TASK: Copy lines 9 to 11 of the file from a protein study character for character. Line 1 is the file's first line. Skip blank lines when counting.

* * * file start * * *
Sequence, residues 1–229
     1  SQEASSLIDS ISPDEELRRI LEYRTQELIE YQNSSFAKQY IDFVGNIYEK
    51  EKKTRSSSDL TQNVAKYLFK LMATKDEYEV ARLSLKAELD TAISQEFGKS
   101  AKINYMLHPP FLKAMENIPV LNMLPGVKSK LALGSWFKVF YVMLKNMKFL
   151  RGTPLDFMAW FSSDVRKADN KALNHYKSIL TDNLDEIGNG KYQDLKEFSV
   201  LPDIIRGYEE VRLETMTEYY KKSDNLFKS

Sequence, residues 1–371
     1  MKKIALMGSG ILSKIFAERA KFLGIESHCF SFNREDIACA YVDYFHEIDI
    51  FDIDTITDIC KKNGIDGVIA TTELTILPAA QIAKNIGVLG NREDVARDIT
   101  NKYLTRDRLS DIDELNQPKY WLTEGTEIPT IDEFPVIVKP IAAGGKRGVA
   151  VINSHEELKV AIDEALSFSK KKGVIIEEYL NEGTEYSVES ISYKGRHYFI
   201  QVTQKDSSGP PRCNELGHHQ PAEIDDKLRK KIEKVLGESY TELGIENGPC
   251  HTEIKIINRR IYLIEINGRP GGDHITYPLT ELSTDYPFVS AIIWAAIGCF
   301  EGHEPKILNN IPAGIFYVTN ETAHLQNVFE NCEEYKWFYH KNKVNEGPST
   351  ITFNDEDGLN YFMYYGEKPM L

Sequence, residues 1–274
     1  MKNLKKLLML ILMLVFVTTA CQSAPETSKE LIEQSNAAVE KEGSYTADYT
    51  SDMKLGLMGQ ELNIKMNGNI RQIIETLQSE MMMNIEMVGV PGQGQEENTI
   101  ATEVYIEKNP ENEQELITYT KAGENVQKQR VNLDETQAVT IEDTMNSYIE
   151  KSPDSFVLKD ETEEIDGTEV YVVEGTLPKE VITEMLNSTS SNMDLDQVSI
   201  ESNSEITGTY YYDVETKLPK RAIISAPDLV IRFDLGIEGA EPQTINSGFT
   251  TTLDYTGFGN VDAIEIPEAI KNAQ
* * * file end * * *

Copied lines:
    51  FDIDTITDIC KKNGIDGVIA TTELTILPAA QIAKNIGVLG NREDVARDIT
   101  NKYLTRDRLS DIDELNQPKY WLTEGTEIPT IDEFPVIVKP IAAGGKRGVA
   151  VINSHEELKV AIDEALSFSK KKGVIIEEYL NEGTEYSVES ISYKGRHYFI